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Sports | Lance Armstrong, winner of five consecutive Tour de France races, criticizes teammate for decision

Issue: "UN's abuse of power," July 24, 2004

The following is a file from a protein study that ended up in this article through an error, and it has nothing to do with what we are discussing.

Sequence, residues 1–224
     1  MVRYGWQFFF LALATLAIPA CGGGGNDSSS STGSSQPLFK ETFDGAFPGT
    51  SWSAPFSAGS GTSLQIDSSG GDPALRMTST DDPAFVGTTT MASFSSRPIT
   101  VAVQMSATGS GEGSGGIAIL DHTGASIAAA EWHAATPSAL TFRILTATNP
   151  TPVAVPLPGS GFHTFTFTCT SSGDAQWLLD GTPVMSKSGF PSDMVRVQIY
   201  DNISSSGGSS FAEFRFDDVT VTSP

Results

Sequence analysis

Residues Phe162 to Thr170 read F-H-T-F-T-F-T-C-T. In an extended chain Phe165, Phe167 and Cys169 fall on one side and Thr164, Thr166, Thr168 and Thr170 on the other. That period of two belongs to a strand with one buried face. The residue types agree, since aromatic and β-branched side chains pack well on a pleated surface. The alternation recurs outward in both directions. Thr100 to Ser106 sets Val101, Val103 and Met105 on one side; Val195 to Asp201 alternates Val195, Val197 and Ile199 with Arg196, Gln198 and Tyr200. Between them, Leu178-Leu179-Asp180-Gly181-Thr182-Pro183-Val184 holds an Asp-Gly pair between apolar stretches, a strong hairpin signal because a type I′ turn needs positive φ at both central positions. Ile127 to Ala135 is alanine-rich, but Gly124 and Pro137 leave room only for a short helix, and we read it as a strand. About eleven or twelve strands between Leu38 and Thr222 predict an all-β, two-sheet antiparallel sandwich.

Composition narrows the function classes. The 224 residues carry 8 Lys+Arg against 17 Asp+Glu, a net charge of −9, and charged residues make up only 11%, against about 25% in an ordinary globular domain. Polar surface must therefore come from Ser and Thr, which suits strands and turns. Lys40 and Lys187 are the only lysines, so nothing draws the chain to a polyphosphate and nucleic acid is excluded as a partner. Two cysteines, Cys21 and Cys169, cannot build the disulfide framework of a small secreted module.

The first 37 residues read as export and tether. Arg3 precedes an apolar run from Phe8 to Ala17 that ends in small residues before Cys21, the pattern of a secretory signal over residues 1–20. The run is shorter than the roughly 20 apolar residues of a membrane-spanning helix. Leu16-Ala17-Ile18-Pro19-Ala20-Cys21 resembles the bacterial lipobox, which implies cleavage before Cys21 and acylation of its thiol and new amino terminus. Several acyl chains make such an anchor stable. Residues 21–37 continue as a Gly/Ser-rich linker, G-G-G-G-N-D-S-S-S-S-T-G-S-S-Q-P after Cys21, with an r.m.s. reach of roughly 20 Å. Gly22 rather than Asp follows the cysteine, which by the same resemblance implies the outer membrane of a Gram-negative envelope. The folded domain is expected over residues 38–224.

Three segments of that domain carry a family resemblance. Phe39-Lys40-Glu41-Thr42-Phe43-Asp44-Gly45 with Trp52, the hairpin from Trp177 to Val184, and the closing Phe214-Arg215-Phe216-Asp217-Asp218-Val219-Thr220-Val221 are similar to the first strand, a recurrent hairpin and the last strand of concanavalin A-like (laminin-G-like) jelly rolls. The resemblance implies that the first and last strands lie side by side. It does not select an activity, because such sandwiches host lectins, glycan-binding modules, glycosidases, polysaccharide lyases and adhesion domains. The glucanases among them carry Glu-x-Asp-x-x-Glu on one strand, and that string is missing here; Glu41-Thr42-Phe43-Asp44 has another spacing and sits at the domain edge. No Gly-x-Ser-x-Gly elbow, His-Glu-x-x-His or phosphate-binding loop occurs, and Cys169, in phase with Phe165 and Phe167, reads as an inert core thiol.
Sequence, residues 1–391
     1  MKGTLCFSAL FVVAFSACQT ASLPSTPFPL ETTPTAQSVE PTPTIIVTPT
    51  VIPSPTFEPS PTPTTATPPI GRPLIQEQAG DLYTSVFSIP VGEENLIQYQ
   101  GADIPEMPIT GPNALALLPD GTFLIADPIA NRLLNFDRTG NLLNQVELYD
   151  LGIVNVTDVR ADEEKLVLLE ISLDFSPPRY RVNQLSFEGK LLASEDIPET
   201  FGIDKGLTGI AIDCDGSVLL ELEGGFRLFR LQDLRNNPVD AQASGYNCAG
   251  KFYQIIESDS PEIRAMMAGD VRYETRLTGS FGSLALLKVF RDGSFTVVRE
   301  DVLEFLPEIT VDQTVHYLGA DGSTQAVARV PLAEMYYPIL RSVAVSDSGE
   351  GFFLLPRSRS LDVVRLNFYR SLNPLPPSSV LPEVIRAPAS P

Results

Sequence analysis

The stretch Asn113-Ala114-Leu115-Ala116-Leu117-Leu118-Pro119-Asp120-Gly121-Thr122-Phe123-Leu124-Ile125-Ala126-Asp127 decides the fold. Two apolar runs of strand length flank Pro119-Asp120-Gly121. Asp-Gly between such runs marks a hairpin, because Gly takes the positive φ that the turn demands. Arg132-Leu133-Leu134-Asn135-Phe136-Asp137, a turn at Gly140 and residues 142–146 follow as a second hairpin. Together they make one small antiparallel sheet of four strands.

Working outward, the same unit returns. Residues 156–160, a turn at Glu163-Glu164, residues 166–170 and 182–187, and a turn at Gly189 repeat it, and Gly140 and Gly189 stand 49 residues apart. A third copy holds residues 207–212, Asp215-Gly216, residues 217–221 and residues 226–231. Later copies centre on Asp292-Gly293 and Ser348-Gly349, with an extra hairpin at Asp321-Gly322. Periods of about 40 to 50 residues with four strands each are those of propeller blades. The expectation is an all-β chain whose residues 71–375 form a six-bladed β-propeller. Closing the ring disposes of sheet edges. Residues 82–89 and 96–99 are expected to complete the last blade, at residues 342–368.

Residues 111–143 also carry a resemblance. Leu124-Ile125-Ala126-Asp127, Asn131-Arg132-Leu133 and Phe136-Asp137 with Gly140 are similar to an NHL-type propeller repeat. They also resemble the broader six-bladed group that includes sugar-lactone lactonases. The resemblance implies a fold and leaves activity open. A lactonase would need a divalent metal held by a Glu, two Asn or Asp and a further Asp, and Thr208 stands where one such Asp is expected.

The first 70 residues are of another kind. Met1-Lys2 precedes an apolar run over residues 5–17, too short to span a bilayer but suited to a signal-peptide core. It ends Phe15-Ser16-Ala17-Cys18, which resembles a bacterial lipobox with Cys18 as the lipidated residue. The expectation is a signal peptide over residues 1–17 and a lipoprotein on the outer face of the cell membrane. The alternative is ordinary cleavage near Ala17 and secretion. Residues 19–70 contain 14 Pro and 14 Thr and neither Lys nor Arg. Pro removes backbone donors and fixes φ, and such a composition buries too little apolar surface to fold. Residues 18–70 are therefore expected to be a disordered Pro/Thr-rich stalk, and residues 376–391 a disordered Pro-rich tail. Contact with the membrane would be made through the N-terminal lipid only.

Uphill battle As riders in the Tour de France approached a famed climb in the French Alps, Manuel Beltran, Lance Armstrong's young teammate, decided to make a stab at ending competition for the Tour's yellow jersey early. With a sprinter's instinct, Mr. Beltran launched up the steep climb into the mountains at what Mr. Armstrong would later call a "supersonic" pace. When the Texan and other teammates followed Mr. Beltran, two of Mr. Armstrong's biggest rivals, German Jan Ullrich and Frenchman Richard Virenque, were unable to keep up. But Mr. Armstrong, too, struggled up the mountain. And though Mr. Armstrong claimed the yellow jersey because of the gambit, he criticized Mr. Beltran's judgment. Mr. Armstrong, winner of five consecutive Tour de France races, knows he'll need smart and speedy assistance from his U.S. Postal Service team to make it six. He's filled his cycling team with highly competent (and at times highly paid) riders. Longtime teammate Viatcheslav Ekimov assists Mr. Armstrong in sprints while George Hincapie is his chief climbing lieutenant. "We keep him out of the wind, keep him from going too far behind, just keep him in a good position all day -- with as little energy expenditure as possible," Mr. Hincapie said. Heat is on In terms of balancing the scales, the Shaquille O'Neal trade to Miami is as unequal as it gets. Consider: Brian Grant and Lamar Odom, the two other principals involved in the Shaq-to-Miami trade, weigh nearly 150 pounds more than Mr. O'Neal does. But it's not enough to tip the scale in favor of the Lakers. Ever since Mr. O'Neal demanded the trade, the Lakers might as well have given up hope for getting a fair deal. They settled for shipping the big fella out of the Western Conference, keeping him away from Dallas or Sacramento. But what team exactly gets the better half of the deal? Maybe neither. Instead of dealing for expiring contracts to start over, Los Angeles put themselves further over the salary cap and for longer. And even if the Lakers resign Kobe Bryant, would a team featuring Mr. Bryant and small forward Lamar Odom be very different from the Clippers? And just where will Miami go with their newfound center? Will a depreciating Mr. O'Neal make it any further with Dwyane Wade than he did with Mr. Bryant? When there are no winners, there are only losers. Around the Horn • What's eating at Marion Jones and Tim Montgomery? Not long ago both were top sprinters with 100-meter dash records. Now, neither qualified for the Olympics in that event. Mr. Montgomery could only manage seventh place in the 100-meter dash at the Olympic trials. He blamed reporters: "I've got you all on my back. I have to deal with you every day." Journalists have asked Mr. Montgomery and his girlfriend, Ms. Jones, about steroid use ever since their names were connected to BALCO, a lab under investigation. • Most NBA fans suspected that the Cleveland Cavaliers would find a way to mess up LeBron James and the Cavs' current era of good feeling. Cleveland GM Jim Paxson let forward Carlos Boozer become a free agent to sign him to a long-term deal starting at $5 million. But once Mr. Boozer was on the open market, he accepted a six-year deal with the Utah Jazz starting at $11 million. Mr. Paxson was left to seem like the sport's most foolish general manager. • Apparently Shaquille O'Neal has gravitational pull. Just as the big center was dealt to Miami, rumors leaked that a big star could be drawn to the Heat. The Chicago Tribune reported Michael Jordan could be pursuing a deal to make him part owner of the Miami franchise.

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